Ancient Rome and Sparta had lots of things most sane, civilized people would consider barbaric these days such as a Roman paterfamilias having an absolute power of life and death over his family (yeah, honor killings we decry as a Pakistani barbarity were very Roman) and Spartan peers having homosexual relationships with their boy charges and then teaching the latter to murder slaves.

    Infanticide IS barbaric, strictly or otherwise.

    Replies: @dfordoom, @RSDB

    , @V. K. Ovelund
    @Usura


    In Rome and Sparta, infanticide was not only acceptable and commonplace, but institutionalized. Indeed the term “barbaroi” is a classical echoic, connoting unintelligible, that is, non-Greek speech.

    So strictly speaking infanticide is the opposite of barbaric, and is of the very essence of aristocratic order as embodied in the Roman and Greek civilizations.
     

    Factually and etymologically correct.

    @dfordoom and @Twinkie


    Yep. If the only way to save a civilisation is to abandon all rules of civilised conduct and emulate barbaric societies like Rome and Sparta then that is too high a price to pay. And I certainly do not believe that saving civilisation requires us to embrace barbarism.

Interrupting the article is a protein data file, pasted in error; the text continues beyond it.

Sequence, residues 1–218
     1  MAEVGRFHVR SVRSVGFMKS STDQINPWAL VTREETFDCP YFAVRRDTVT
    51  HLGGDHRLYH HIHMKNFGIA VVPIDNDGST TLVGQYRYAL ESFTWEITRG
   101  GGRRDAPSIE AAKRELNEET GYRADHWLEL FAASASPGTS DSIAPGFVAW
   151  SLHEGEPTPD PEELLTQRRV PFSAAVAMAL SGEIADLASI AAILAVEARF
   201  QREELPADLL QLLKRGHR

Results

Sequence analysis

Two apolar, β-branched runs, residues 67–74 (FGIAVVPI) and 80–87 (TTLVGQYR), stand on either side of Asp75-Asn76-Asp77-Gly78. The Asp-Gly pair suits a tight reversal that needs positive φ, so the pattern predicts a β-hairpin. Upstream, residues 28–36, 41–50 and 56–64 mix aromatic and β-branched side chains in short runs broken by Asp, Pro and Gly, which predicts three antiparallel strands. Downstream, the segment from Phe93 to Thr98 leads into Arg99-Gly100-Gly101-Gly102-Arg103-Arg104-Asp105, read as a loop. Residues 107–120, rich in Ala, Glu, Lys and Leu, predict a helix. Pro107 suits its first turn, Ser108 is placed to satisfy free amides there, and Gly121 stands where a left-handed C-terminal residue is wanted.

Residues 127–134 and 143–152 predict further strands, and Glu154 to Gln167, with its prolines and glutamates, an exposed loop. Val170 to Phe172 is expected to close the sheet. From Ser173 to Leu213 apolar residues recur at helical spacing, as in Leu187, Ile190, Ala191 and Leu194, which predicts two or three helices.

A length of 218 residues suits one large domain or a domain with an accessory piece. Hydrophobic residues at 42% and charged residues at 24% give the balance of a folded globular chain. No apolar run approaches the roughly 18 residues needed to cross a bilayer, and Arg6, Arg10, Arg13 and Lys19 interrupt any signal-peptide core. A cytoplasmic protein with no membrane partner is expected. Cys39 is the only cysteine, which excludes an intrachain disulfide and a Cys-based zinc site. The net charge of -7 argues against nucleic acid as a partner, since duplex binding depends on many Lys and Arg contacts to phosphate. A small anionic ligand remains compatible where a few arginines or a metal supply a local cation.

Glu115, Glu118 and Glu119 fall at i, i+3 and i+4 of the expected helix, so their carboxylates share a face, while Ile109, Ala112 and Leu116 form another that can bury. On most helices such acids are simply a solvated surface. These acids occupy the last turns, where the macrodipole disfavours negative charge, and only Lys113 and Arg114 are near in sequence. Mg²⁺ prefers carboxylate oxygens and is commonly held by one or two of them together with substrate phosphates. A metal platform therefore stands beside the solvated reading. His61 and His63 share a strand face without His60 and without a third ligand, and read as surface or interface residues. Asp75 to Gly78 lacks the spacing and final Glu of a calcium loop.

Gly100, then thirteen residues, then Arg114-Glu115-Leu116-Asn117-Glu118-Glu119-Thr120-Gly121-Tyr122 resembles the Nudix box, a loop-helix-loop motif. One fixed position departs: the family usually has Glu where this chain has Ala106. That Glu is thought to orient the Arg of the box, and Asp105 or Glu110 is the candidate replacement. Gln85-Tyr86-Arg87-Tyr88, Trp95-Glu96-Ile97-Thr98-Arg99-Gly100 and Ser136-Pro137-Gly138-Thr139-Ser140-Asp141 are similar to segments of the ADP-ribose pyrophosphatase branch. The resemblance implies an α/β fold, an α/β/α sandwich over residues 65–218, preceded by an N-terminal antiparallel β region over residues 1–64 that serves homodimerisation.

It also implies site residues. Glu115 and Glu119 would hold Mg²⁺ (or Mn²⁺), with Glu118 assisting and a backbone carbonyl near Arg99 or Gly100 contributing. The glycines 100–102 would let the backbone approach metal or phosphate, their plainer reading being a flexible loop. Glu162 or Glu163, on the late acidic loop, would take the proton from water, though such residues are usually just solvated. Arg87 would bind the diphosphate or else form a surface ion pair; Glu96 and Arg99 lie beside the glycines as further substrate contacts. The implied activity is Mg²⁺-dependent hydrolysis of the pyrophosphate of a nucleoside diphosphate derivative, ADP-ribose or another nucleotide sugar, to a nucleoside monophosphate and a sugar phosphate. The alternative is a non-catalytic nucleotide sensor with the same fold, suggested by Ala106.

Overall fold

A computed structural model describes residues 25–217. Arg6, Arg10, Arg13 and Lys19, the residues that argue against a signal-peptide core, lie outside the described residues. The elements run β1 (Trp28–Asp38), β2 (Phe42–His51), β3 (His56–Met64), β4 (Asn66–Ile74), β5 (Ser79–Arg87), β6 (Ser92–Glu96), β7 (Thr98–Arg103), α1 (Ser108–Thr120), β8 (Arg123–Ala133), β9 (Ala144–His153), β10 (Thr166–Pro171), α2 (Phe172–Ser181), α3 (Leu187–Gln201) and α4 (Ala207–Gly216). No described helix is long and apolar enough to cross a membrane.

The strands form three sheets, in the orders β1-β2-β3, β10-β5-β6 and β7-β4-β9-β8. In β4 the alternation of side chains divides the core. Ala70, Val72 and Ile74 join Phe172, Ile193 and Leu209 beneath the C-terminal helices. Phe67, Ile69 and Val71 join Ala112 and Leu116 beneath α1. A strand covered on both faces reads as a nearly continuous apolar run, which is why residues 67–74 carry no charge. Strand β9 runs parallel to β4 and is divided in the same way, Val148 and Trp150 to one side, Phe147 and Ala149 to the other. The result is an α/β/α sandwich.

An unremarkable Catholic opponent of inhuman conduct, I do not promote indecent treatment of anybody; but we live in Job's fallen world, in which dysgenics have consequences. Is the saving of every unfortunate sustainable?

    I, my wife, and two of our five children would probably be dead today under moderately harsher conditions. This isn't about us, of course, but I mention it for the obvious reason: in the statistical aggregate, how long can a civilization survive the survival of her unlucky and unfit?

    If the answer is: that lies in God's hands, then maybe that is the right answer; but when dysgenic consequences are so blatantly foreseeable, I am not convinced. Whether you and I like it or not, @Usura may have a point.

    Replies: @V. K. Ovelund

  46. @TomSchmidt
    @Twinkie

    If only the Pope hadn't added it to the Index of Banned Books!

    Replies: @Twinkie

    Wouldn’t want us Catholics to get any dangerous ideas!

  47. @RoatanBill
    @TomSchmidt

    you have to have some way to support the ones who cannot hack it.